Interview Young Fathers: ‘We Use Hip-Hop, Throw It Away, Spit On It…’

The UK’s most dazzling, provocative new band Young Fathers have a potentially game-changing debut album up their sleeves.

What do Nigeria, Liberia and Scotland’s Drylaw housing estate have in common? Not much, on the face of it - other than that each contributes a member to one of the most head-spinningly exhilarating bands of recent years. Thrown together amidst Edinburgh’s unlikely spires, native Scotsman Graham Hastings, second-generation Nigerian Kayus Bankole, and the Liberian-born Alloysius Massaquoi may well seem an unlikely alliance. The end result, however, is Young Fathers - a band who are not so much ripping up the musical rulebook as they are eviscerating it with a flaming chainsaw.

2014 sees Young Fathers ready to take things up a gear. Having already sent the blogosphere hype-machine into near meltdown with last year’s ‘Tape 1’ and ‘Tape 2’, ‘Dead’ looks like the beginning of a concerted assault on the mainstream. Combining the compelling lyricism of spoken word poetry with the raw danceability of bass culture’s darkest recesses, these releases were heady masterclasses of artistic juxtaposition. While those two maddeningly fleeting mixtapes clock in at barely 19 minutes apiece, ‘Dead’ is much more a satisfying 36 - enough time to see whether those glimpses of potential were flashes in the pan, or the beginnings of something special.



In the meantime, the band’s mood is one of bullish self-assurance. Although to say that may be slightly unfair - the band don’t come across as arrogant, but simply as a group with an unshakeable belief in their own creative processes, and a healthy disregard for the judgement of others. As is inevitable for any band that takes music into new, interesting territory, the internet has taken great pains to get them into a ‘genre-box’ as soon as possible, but the band themselves are much less fussed. As Alloysius puts it, “we make what we make…and folk deciding what it is or isn’t is no concern of ours”. ‘G’ Hastings is equally as blunt; “It’s not our problem. They can catch up eventually… We use everything we find, like the kids in the mines in the Congo. We use hip-hop, throw it away, spit on it, pick it back up. It’s the same amount of loyalty we have with any other form - none”.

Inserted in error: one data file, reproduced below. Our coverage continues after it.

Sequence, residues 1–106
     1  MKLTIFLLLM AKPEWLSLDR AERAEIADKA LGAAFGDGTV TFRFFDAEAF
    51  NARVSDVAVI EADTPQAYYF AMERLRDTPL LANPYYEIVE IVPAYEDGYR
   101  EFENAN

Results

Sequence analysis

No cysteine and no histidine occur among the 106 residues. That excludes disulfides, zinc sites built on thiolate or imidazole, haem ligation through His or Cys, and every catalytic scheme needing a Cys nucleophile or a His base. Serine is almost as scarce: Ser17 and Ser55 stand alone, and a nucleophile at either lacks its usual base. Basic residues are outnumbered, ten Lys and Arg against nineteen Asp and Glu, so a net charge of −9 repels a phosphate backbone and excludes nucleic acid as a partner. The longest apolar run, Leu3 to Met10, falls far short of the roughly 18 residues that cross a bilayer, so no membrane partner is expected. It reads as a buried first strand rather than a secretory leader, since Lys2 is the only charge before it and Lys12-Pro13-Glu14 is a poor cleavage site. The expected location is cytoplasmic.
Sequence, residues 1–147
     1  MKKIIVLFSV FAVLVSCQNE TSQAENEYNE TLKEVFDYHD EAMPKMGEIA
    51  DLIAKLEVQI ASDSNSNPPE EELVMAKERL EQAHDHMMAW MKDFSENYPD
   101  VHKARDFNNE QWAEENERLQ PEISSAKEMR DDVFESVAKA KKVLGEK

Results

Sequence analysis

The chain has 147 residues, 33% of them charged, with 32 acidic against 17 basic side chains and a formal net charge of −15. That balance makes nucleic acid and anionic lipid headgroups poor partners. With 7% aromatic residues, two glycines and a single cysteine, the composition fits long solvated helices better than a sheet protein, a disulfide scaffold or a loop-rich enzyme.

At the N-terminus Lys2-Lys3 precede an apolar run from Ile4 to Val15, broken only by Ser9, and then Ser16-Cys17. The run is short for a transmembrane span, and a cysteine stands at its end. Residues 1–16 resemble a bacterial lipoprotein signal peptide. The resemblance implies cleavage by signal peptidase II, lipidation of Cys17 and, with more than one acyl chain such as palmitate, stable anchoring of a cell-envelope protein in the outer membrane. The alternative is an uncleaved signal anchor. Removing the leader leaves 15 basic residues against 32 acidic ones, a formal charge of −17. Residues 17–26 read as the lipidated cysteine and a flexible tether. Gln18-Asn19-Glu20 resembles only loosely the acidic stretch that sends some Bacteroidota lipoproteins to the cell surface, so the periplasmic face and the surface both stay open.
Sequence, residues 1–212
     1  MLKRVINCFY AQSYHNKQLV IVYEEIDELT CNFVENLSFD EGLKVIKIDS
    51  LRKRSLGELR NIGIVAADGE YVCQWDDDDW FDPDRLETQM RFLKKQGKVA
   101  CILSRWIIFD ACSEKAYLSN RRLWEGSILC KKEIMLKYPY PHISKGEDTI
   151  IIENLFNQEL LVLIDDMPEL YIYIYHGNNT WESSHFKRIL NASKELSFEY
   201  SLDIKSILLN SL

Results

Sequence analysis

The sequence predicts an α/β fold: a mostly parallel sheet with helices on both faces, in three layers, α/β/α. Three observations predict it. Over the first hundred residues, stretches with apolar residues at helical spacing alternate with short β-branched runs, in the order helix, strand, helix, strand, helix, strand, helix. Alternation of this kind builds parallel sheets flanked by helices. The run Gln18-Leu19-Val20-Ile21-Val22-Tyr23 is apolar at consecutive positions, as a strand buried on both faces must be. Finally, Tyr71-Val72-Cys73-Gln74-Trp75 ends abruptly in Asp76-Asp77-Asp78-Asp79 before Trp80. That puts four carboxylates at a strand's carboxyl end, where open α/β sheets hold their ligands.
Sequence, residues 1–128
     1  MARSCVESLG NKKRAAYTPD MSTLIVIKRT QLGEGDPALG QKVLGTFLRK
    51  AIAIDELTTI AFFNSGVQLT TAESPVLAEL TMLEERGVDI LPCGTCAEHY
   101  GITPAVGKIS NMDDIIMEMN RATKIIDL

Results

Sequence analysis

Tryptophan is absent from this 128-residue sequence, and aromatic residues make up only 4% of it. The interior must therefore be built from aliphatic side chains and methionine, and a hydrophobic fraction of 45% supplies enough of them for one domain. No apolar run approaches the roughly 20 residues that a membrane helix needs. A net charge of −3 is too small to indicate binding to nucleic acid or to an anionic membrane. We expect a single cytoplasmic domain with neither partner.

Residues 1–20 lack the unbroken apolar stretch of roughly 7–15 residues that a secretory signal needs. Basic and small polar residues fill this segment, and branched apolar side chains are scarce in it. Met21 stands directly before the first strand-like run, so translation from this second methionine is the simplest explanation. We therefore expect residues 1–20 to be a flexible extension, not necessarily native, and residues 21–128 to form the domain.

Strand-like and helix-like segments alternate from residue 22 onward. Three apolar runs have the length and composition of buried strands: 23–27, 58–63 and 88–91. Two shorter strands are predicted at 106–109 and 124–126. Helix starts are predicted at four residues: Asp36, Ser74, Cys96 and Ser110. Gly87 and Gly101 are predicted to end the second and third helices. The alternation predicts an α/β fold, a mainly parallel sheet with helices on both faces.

This sense of artistic ruthlessness, that hard-nosed intention to make music without boundaries or restraint, is something both members cite as vital to any artistic process. “That’s how you make it exciting”, says G. “No allegiance. Same as with everything.” Alloysius is quick to agree. “We’re fearless when we go into our manager’s basement. Whatever happens will happen as we move very quickly, capturing a moment or a vibe.”

“There are no rules”, adds G. “Quickly get in and get it all out. Be brave, it’ll be alright. Force it if you have to… you might like it in the morning.”



The writing and recording of Dead was clearly an intense process - and you can sense this same intensity in the group’s live shows. While there are parallels to be drawn with a Savages performance - the same brooding eye contact, a similar sense of gravity and occasion - where Young Fathers take it up a level is with their sheer physical intensity. Periods of tense, introverted calm are punctuated by explosions of frenetic action, the trio tearing across the stage to the beat of their frenzied live drummer. Just as with their recorded work, live performance is something Young Fathers take extremely seriously - “we’re not here for you to just have fun and go home”, insists G. “We want you to change, stand right there and change.”

“Different venues have different moods, so you can’t try to copy-and-paste a performance,” he adds. “Couldn’t do it if we tried. You will get something born in front of you that night that you will never see again. Not ever.”

Alloysius is keen to make something clear. “We are leaders, not followers,” he says. “We want to take risks, and life is the biggest risk. Why don’t you do something that’s rewarding and good for the soul? That helps you sleep at night when you’re an old man?.” Whatever you think of their music, you can hardly claim that Young Fathers are playing it safe. No matter what happens from here on out, they’ll sleep soundly enough.

Taken from the new, free DIY Weekly, available to read online or to download on iPad now.

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